WordPress normally makes posts publicly accessible, but sometimes you want to limit access to a select group of people, like email subscribers or members. Here is how to do it using password protected posts.
Why limit access to posts and pages?
One common reason for wanting to limit access to posts and pages by password protecting them is to offer something exclusive to a certain subsection of your website visitors.
For example, you may have a freebies page where you offer downloads like ebooks in PDF format, resources like images, templates, worksheets and similar downloads and content.
Instead of making all these freely available to the general public, you could require them to sign up to your email list first. Building this is an important task that helps to grow your audience.
If your freebies are on a password protected page, you can provide the password in your welcome email to new subscribers, or include it in the weekly or daily emails you send to subscribers.
You could also use it to tempt people to sign up for your Facebook group. Just make the group a closed one so that only members can see the content, and put the password in a pinned post or somewhere members can easily find it.
You could also provide extra content to people that buy goods, services, courses and so on. Just include the password somewhere they will see it when they purchase stuff, or send buyers a follow-up email with the password.
There are many possibilities, so how do you actually password protect a post or page in WordPress?
Password protect a page or post in WordPress
1 Create or edit a post or page
Create a new post or page, or load an existing one that you want to protect.
2 Edit the visibility
In the Publish box in the sidebar on the right, click the Edit link next to Visibility: Public. This enables you to change the status and limit who can view the post or page.
3 Post/page access options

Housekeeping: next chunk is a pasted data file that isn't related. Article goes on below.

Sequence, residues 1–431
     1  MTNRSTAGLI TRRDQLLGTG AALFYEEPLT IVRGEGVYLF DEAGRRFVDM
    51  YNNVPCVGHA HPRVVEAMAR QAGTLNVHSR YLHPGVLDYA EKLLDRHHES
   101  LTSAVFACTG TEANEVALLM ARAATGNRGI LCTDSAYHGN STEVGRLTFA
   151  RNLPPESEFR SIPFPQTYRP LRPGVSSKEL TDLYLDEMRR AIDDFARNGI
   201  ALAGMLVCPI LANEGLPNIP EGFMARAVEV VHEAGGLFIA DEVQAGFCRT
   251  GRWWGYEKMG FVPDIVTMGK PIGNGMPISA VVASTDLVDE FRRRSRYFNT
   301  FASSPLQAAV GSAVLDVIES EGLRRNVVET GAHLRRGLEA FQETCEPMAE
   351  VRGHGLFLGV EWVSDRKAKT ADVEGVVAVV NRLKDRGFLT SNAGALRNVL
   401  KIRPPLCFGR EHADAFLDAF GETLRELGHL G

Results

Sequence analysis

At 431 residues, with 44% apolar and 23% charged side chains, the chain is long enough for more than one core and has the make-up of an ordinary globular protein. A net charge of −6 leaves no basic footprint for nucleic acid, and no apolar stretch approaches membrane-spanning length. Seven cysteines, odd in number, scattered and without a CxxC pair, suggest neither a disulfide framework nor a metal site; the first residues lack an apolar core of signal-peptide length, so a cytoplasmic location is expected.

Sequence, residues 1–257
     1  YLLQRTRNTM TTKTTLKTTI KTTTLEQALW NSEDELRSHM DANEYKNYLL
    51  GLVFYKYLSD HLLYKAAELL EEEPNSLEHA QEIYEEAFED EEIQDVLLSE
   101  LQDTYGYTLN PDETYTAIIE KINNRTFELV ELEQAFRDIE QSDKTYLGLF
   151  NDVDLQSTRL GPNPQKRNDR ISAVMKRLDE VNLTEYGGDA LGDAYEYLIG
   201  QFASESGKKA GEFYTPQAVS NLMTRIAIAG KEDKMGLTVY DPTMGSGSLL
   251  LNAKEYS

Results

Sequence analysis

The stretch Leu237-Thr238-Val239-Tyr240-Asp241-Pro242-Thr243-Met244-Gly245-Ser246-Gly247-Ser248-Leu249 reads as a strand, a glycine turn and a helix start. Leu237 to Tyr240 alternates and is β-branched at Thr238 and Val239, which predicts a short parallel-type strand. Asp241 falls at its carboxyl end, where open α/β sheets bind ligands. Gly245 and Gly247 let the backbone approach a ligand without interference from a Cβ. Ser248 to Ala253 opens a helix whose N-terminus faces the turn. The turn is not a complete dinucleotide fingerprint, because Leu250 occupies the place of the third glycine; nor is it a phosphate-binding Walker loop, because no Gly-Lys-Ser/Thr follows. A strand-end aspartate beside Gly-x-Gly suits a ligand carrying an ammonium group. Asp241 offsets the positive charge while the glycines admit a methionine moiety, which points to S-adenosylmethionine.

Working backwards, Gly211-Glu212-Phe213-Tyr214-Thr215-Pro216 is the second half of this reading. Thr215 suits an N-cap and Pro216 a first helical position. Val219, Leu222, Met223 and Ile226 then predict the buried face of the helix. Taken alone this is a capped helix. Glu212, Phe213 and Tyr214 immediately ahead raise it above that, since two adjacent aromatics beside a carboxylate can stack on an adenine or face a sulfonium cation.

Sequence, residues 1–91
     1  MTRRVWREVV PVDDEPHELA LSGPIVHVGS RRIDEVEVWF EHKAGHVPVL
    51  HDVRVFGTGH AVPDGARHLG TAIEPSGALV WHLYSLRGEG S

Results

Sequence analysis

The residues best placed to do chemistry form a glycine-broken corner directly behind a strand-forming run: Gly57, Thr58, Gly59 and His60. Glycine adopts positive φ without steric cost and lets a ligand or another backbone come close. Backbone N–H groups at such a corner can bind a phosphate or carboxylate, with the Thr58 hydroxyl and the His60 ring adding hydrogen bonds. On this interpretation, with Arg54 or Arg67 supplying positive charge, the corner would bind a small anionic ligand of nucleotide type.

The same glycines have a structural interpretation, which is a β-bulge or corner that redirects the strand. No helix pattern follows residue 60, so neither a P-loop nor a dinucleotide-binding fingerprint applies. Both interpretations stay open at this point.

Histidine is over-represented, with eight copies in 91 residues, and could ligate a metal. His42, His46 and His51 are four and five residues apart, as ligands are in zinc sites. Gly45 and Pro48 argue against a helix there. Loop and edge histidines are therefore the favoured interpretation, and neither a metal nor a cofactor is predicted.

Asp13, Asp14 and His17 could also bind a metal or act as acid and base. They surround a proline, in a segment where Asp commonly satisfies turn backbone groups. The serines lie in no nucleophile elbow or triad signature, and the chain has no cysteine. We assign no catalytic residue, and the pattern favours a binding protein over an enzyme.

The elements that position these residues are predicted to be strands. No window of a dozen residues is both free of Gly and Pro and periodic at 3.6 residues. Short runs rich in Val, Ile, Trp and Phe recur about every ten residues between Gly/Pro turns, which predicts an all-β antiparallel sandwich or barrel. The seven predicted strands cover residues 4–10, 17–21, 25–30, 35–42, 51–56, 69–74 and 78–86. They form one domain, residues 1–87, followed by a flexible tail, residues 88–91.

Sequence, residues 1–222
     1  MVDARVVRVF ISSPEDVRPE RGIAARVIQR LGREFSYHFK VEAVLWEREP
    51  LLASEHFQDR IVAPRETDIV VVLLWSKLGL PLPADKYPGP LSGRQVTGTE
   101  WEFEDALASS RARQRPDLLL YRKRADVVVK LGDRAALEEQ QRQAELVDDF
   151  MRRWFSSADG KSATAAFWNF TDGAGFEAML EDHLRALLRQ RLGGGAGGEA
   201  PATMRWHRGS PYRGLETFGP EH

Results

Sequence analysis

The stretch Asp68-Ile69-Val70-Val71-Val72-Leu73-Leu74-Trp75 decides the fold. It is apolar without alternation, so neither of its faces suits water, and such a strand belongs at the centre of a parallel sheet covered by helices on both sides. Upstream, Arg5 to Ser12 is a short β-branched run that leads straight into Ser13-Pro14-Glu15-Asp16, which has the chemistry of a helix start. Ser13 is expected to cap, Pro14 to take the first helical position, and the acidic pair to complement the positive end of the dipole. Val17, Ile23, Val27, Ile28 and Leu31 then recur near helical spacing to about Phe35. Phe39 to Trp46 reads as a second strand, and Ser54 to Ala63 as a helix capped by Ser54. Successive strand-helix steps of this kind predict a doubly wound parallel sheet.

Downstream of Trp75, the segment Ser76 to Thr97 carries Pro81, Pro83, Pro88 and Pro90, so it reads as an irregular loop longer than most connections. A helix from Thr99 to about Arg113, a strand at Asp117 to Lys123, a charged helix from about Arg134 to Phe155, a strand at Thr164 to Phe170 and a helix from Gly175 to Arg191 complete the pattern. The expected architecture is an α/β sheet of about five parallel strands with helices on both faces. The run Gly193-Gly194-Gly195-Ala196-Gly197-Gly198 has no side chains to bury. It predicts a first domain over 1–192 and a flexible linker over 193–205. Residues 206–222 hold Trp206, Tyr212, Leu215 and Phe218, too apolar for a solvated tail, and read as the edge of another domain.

The options are now visible and you can see that Public is selected by default, with an option to make it sticky. This makes it permanently the first blog post listed on the home page. Ignore that and select the Password protected option.
4 Set a password
You can now enter a password for the page into the box. Do not forget it! Write it down somewhere because you will need to give it to people so they can access the post. Click OK and then publish the post.
Access a password protected page or post
What happens when you visit a post or page on a website that is password protected? Let’s take a look. This freebies page was protected and here is what the user sees. Colours, fonts and styles depend on the theme of course.
Make posts and pages private
As you will have noticed when password protecting a post or page (step 4 above), there is an option to make the post or page private. What does this mean?
A private post is one that is published in the normal way, but it cannot be seen by the public, subscribers, contributors and authors.
Only users with accounts set to administrator or editor can see a private post.
A large website that is maintained by several people may have internal documents, such as editorial guidelines and information that they don’t want to make public. Setting them to Private ensures that only editors and admins can see them.